A federal appeals court has sided with the states of Washington and South Carolina in a decision forcing the Nuclear Regulatory Commission to work toward a licensing decision on the Yucca Mountain nuclear waste repository mothballed by the Obama administration.In a 2-1 decision Tuesday, the D.C. Circuit Court of Appeals ruled that the NRC was effectively ignoring federal law."This case raises significant questions about the scope of the executive’s authority to disregard federal statutes. ... Here, the Nuclear Regulatory Commission has continued to violate the law governing the Yucca Mountain licensing process. We therefore grant the petition for a writ of mandamus," wrote Circuit Judge Brett Kavanaugh in the decision. The NRC is responsible for approving or rejecting a license for the Nevada repository project created by the Department of Energy to store commercial spent fuel and other nuclear waste. The court case dealt with the NRC's decision to suspend the licensing process after Congress defunded the project and the Obama administration began seeking an alternative, even though the NRC already had money to continue its work.In his dissent, one judge agreed with the agency that the $11 million on hand was not enough to justify the work in light of the $99 million needed to complete it. As Congress is unlikely to appropriate more, Chief Judge Merrick Garland argued, the funds would simply be used to ramp up licensing activities, only to wind them back down for lack of further funding.Nonetheless, the court' decision compels the NRC to continue its evaluation of the Yucca Mountain project. Its ultimate fate still lies with Congress, which passed the law designating the Yucca site in 1983, and which controls the money to build the repository.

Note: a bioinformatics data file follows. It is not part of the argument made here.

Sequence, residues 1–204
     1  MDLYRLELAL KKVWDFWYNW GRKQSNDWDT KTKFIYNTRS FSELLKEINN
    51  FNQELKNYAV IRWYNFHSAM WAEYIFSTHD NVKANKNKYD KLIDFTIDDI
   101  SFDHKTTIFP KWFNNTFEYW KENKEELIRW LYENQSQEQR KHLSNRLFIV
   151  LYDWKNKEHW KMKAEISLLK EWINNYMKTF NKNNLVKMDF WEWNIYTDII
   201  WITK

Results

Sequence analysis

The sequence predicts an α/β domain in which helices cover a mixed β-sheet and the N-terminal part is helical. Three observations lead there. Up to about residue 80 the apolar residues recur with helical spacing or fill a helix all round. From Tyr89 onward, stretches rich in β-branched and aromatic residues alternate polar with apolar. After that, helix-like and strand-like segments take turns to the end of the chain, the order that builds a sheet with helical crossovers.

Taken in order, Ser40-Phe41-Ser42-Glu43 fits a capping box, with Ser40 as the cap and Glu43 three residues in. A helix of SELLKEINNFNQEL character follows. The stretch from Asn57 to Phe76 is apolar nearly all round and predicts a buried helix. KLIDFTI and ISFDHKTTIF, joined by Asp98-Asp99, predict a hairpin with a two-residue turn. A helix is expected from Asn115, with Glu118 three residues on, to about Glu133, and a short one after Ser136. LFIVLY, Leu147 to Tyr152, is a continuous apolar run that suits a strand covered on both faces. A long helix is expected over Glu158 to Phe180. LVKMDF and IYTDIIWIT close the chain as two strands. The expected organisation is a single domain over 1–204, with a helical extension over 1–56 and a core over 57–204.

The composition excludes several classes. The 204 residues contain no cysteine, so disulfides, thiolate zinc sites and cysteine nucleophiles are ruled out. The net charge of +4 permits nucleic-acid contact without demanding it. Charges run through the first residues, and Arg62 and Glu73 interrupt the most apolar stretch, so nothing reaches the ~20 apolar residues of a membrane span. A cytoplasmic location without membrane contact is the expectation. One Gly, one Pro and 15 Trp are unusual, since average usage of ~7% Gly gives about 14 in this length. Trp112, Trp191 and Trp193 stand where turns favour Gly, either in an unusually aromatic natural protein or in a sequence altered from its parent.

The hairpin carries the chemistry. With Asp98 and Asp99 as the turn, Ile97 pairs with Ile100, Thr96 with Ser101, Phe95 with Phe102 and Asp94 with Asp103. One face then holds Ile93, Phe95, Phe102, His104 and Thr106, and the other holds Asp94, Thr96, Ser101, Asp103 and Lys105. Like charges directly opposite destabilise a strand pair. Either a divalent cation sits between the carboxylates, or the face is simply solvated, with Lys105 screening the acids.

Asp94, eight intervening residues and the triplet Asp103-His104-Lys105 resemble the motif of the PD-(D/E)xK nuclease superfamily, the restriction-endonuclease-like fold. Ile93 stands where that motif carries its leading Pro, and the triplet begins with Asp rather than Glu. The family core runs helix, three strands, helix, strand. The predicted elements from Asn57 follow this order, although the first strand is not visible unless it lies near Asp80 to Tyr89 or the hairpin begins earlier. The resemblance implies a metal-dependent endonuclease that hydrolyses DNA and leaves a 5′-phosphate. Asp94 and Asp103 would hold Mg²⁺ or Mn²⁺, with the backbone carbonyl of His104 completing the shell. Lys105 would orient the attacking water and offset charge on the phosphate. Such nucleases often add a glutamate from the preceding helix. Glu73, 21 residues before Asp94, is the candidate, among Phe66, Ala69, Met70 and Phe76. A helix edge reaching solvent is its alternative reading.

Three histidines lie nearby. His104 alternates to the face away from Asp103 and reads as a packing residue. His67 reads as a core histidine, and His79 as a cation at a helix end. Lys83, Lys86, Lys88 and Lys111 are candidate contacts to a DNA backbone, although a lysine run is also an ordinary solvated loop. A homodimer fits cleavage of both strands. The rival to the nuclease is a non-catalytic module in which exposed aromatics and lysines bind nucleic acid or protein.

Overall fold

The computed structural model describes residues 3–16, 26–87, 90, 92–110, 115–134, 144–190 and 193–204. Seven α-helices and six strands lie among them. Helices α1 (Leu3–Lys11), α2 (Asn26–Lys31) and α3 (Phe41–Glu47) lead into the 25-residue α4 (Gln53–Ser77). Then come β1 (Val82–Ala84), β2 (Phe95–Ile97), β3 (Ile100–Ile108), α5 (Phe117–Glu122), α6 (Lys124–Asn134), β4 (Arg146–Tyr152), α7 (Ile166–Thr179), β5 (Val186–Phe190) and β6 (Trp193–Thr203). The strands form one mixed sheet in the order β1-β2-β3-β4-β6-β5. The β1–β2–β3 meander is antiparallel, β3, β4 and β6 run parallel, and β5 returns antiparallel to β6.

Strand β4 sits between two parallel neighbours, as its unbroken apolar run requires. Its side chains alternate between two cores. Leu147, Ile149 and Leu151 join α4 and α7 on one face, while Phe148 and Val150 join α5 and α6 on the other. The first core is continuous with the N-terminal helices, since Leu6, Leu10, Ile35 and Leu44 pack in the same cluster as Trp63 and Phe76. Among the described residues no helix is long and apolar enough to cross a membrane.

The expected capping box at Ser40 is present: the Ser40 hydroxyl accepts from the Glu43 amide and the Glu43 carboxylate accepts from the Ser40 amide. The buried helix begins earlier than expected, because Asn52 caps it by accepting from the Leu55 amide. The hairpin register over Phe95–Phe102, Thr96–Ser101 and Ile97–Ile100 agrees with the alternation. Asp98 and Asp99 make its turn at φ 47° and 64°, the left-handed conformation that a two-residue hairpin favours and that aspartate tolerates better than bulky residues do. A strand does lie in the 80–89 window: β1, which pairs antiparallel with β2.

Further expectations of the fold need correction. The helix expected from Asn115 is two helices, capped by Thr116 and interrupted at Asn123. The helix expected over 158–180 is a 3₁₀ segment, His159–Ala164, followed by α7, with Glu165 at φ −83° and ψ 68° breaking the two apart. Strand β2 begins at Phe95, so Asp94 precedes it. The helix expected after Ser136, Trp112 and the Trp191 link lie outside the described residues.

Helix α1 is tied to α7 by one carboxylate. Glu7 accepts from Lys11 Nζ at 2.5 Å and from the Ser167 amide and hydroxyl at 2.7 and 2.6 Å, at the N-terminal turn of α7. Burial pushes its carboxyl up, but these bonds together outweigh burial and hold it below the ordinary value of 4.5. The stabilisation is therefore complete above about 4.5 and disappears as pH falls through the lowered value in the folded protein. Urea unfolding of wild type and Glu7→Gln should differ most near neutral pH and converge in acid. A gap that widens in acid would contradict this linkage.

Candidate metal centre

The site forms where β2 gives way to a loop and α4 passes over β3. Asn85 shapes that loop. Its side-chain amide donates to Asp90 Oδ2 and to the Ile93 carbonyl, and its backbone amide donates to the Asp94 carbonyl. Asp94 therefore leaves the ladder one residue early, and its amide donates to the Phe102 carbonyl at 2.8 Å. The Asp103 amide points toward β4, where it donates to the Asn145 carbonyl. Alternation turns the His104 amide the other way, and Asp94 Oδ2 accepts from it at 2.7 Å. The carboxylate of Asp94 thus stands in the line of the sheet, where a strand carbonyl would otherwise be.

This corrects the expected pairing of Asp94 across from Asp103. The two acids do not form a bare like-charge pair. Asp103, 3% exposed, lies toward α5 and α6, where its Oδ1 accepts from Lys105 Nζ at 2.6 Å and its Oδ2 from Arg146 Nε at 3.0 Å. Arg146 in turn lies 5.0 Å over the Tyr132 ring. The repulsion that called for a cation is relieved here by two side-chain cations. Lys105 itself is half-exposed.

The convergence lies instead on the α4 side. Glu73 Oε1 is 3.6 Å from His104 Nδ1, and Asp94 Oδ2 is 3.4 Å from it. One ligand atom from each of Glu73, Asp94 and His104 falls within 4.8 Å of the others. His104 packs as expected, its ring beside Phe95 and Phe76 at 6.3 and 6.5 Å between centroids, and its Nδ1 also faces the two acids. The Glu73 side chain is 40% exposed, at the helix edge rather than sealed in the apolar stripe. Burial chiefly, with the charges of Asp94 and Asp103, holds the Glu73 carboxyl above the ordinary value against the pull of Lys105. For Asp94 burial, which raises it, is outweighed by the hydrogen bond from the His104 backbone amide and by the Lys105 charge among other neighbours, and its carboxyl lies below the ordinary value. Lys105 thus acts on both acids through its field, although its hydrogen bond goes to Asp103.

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This is very bad for the tax payer if the NRC keeps working on a NRC license that will never to be completed. It seems that we just keep on wasting money on a dead government projects. It is one thing to rule on a point of law, but another to look at the real problem and spent the money in resolving the spent nuclear waste problem. Let's at least work on the problem of getting a location selected for dry storage at a DOE site as a pilot program before we attempt to position one in a US State and again fail to complete the project. The US Government need to move quickly on making this happen and stop wasting money on dead projects.
Regardless of whether this is ultimately good or bad as far as the resolution of the spent fuel/high-level waste issue is concerned, the money does not come from the "tax payer." It comes from the Nuclear Waste Fund, which accumulates by virtue of the 1 mill per kilowatt hour surcharge on nuclear-generated electricity.
While it is somewhat off the subject, I do find it interesting that the Democrats in Congress (and the White House) have protested loudly about the Republican initiative to "defund" the Affordable Care Act (aka "Obamacare"), but the same Democrats seem to have no trouble defunding a program that is authorized by statute (the Nuclear Waste Policy Act and the Nuclear Waste Policy Amendments Act) and for which money is still being collected via consumers' electricity bills. I guess it depends whose ox is being gored. Or maybe our politicians are nothing but a bunch of hypocrites.